Daimler AG v. Bauman, 571 U.S. ___ (2014) [click for opinion]
Several Argentine residents sued DaimlerChrysler Aktiengesellschaft, a German company, alleging vicarious liability for human-rights violations committed by its Argentinian subsidiary during the country's "Dirty War" (1976-83). The suit was brought in the Northern District of California under the Alien Tort Statute and the Torture Victims Protection Act. Daimler filed a motion to dismiss for lack of personal jurisdiction, which the district court granted. The Ninth Circuit, sitting en banc, reversed.
The Ninth Circuit ruled that Daimler was subject to general (a.k.a. all-purpose) jurisdiction on the basis of its American subsidiary's contacts with California. The parties had stipulated that the subsidiary, which was incorporated in Delaware and had its principal place of business in New Jersey, was subject to general jurisdiction in California. The Ninth Circuit then applied an agency theory, under which a subsidiary's contacts may be attributed to a foreign parent corporation so long as the subsidiary's services are important enough that, absent the subsidiary, the parent's own officials would perform them. The subsidiary serves as Daimler's exclusive importer and distributor in the United States, with California sales accounting for 2.4% ($4.6 billion) of Daimler's sales worldwide. The Ninth Circuit concluded that Daimler would perform these services on its own if not for the subsidiary; thus the subsidiary's contacts could be imputed to Daimler.
The Supreme Court reversed. It began by reiterating what it said about general jurisdiction in Goodyear Dunlop Tires Operations, S.A. v. Brown, 131 S.Ct. 2846 (2011). The doctrine of general jurisdiction permits a court to exercise personal jurisdiction over a foreign defendant for all claims, even those not related to the defendant's contacts with the forum state—hence the nickname "all-purpose jurisdiction." Before Goodyear, the test for general jurisdiction was whether the defendant's contacts with the forum state were "continuous and systematic." The Court clarified in Goodyearthat a corporation may be subject to general jurisdiction only where its contacts with the forum state are so constant and pervasive as to render it essentially "at home." The paradigmatic general-jurisdiction forums for a corporation are its place of incorporation and its principal place of business. Neither Daimler nor its American subsidiary fits that bill.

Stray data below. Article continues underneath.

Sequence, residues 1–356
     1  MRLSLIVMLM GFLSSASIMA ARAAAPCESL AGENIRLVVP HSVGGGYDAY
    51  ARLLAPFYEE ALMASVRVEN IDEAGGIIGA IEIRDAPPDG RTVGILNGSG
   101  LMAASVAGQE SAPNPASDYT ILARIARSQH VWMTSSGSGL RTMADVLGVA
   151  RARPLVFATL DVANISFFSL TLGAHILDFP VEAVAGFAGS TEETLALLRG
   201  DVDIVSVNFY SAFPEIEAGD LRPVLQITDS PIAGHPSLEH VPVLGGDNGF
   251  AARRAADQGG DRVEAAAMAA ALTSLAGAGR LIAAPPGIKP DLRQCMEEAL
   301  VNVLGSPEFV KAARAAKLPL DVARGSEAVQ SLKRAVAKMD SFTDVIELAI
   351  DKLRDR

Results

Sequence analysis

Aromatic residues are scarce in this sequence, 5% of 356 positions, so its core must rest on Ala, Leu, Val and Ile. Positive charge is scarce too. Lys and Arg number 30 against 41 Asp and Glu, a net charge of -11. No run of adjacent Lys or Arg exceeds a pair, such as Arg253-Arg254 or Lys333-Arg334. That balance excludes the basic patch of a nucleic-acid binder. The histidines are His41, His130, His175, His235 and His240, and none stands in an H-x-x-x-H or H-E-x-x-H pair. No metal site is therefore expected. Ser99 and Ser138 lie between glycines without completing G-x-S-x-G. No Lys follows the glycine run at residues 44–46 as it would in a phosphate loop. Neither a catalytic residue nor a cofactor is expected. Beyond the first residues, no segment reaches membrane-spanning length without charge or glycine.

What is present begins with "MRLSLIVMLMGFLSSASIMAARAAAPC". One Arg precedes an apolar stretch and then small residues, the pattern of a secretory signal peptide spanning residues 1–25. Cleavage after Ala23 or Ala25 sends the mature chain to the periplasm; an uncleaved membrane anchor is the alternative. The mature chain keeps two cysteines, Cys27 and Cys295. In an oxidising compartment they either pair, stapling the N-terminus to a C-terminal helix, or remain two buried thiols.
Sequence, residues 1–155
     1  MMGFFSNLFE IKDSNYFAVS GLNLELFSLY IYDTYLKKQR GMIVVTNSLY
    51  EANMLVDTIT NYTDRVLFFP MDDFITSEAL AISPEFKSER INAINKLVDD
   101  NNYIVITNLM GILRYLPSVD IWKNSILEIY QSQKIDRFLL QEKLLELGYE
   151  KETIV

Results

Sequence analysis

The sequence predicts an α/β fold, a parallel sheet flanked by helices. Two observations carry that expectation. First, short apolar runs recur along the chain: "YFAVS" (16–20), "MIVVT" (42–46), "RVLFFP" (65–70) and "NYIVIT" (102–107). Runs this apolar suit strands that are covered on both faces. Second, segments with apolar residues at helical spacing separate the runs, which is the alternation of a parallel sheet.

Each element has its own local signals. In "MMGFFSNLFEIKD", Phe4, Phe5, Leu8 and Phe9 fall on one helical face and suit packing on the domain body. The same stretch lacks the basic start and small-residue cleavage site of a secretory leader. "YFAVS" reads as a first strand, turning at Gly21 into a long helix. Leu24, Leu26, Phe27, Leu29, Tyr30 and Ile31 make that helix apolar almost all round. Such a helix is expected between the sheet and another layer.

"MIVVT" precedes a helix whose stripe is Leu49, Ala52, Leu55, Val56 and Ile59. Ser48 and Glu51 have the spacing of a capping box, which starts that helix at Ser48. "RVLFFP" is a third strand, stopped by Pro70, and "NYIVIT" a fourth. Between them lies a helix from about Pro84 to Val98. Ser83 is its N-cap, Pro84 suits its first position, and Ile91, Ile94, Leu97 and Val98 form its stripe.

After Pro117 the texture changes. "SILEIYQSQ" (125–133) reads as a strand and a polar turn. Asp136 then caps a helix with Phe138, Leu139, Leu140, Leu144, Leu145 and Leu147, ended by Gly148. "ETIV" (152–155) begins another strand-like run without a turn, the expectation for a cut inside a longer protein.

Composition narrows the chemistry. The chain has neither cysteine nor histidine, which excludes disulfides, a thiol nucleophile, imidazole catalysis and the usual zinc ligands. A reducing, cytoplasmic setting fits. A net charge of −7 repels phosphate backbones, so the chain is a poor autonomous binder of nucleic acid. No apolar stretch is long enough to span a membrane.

The Court also thought the Ninth Circuit's agency theory swept too broadly. Anything a corporation does through a subsidiary is presumably something the corporation would do on its own if the subsidiary did not. The agency theory would therefore subject foreign corporations to general jurisdiction wherever they have an in-state subsidiary or affiliate, "an outcome that would sweep beyond even the 'sprawling view of general jurisdiction' we rejected in Goodyear." Consequently, even if Daimler's subsidiary were subject to general jurisdiction in California (something the parties had stipulated to), Daimler itself would not be at home there.
Finally, the Court expressed concern that the Ninth Circuit's approach would create "international friction," as foreign investors would be discouraged from doing business in the United States and foreign governments would be reluctant to negotiate international agreements on the reciprocal recognition and enforcement of judgments. The Ninth Circuit's expansive view of general jurisdiction, the Court concluded, "would not accord with the 'fair play and substantial justice' due process demands."